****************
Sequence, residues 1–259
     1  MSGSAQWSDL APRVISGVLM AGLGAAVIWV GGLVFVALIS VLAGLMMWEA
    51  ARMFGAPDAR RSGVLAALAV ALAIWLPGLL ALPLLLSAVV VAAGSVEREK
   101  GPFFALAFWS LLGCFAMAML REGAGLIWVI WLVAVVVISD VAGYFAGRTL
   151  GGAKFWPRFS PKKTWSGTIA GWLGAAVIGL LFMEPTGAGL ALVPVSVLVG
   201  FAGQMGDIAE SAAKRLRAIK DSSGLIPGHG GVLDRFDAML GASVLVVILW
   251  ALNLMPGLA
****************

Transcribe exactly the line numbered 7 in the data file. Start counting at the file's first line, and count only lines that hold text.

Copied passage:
   251  ALNLMPGLA